Here are some examples of some decorated sugar cookies as well as some essential tips and tricks!

Christmas Cookies

Sugar Cookie Troubleshooting

How To Package and Ship Cookies

Ugly Sweater Christmas Cookies

Fathers Day Sugar Cookies

Its a Boy! (New Baby Cookies)

Rainbow Bus Cookies (VW Bus Cookies)

Peeking Baby Cookies

Sports Themed Wedding Cookies

My recipe tastes better and hardens beautifully. You can stack these cookies but will never break a tooth!

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Meet Amanda Rettke

Amanda Rettke is the creator of I Am Baker, and the bestselling author of Surprise Inside Cakes: Amazing Cakes for Every Occasion – With a Little Something Extra Inside.Over the course of her 15+ year blogging adventure, she has been featured in and collaborated with the Food Network, New York Times, LA Times, Country Living Magazine, People Magazine, Epicurious, Brides, Romantic Homes, life:beautiful, Publishers Weekly, The Daily Mail, Star Tribune, The Globe and Mail, DailyCandy, YumSugar, The Knot, The Kitchn, and Parade, to name a few.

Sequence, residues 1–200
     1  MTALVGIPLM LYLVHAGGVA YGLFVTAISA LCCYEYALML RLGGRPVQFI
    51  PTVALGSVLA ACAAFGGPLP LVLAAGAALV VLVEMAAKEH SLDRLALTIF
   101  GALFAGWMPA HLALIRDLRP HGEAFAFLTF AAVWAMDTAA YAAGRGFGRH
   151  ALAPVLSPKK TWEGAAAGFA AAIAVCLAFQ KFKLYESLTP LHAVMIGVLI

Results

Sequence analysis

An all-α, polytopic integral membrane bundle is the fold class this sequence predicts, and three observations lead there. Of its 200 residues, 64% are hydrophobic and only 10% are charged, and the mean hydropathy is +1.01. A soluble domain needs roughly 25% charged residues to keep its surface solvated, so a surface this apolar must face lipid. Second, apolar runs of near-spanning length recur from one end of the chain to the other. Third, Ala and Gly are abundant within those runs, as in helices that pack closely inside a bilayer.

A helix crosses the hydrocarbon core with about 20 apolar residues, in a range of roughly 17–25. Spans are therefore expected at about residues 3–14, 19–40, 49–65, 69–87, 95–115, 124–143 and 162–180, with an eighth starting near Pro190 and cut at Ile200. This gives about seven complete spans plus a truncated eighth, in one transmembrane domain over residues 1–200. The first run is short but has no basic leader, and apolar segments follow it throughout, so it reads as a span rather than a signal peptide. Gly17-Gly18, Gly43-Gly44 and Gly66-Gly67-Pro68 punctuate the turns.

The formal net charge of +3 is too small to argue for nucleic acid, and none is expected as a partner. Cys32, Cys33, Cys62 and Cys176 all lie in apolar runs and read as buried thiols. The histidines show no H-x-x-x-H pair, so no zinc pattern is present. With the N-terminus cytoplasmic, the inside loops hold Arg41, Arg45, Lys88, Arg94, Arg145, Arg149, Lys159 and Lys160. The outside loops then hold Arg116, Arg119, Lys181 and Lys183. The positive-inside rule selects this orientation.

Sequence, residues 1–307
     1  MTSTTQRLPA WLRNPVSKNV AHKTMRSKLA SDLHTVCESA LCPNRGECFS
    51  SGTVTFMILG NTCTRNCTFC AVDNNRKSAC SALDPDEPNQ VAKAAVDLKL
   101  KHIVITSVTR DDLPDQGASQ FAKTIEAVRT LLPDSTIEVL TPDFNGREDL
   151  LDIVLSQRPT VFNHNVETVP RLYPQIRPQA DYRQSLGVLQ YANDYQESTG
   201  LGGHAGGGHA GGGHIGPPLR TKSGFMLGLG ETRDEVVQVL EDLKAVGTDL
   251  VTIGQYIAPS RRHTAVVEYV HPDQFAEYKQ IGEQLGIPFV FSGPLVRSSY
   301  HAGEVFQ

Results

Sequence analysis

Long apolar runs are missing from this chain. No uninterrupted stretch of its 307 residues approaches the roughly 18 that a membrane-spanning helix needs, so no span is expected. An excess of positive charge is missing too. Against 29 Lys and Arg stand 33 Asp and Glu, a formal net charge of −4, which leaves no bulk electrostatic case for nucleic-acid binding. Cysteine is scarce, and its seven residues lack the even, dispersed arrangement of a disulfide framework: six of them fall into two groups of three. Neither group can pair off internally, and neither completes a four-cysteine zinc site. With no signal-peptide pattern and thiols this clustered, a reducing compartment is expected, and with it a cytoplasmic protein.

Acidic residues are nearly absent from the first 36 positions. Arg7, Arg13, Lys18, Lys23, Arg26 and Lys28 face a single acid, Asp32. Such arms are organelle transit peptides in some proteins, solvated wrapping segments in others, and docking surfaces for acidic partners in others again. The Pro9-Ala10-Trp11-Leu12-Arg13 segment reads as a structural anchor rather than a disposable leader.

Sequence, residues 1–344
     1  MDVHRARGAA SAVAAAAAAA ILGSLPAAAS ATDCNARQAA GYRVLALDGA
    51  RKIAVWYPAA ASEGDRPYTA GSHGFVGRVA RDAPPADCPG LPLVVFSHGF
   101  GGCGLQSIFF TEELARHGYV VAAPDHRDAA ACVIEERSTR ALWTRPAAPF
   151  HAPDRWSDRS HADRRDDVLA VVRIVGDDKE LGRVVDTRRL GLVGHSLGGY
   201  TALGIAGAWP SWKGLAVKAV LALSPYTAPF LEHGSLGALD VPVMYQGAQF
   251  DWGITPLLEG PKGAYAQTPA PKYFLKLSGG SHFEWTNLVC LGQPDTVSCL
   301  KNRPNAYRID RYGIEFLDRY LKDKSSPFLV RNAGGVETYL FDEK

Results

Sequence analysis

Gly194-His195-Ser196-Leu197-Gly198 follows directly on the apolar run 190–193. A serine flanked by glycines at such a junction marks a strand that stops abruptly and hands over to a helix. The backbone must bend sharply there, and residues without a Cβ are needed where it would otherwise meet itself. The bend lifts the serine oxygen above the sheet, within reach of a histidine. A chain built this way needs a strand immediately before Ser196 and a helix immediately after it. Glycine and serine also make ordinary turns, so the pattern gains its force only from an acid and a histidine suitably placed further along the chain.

Reader Comments

  1. Amanada – Do you use the same icing to do your writing (like on the Facebook cookies) or do you use a food-safe writing pen? Your penmanship is amazing either way. Julie

  2. I have a question: I don’t like lemon and was wondering if I could use vanilla instead of lemon juice for this recipe?

  3. Oh my gosh, I wish I would have found your blog ages ago!!! Super helpful tutorial; I cannot wait to try to ice cookies again!

  4. Hi Amanda,
    I found your blog from Bridget over at Bat at 350, and I literally have been going through every post… I read a few, minimze the screen, go to work, come home, read some more, make dinner… you get the idea.
    You are so talented and I am getting so many ideas. I have what is a really simple question… Do you let your icing outline dry before you flood it? Reading though Bridgets tutorial about how to ice cookies, she mentions she lets it dry for about 30 minutes. Since your icing is different, I wasn’t sure if it was the same or not.
    Thank you for all your step-by step instructions. I have just started decorating cookies, and have been doing a few cakes over the last year, and I am so excited to do more. Thanks!
    PS… I hope you get this, since this is a post from over a year ago!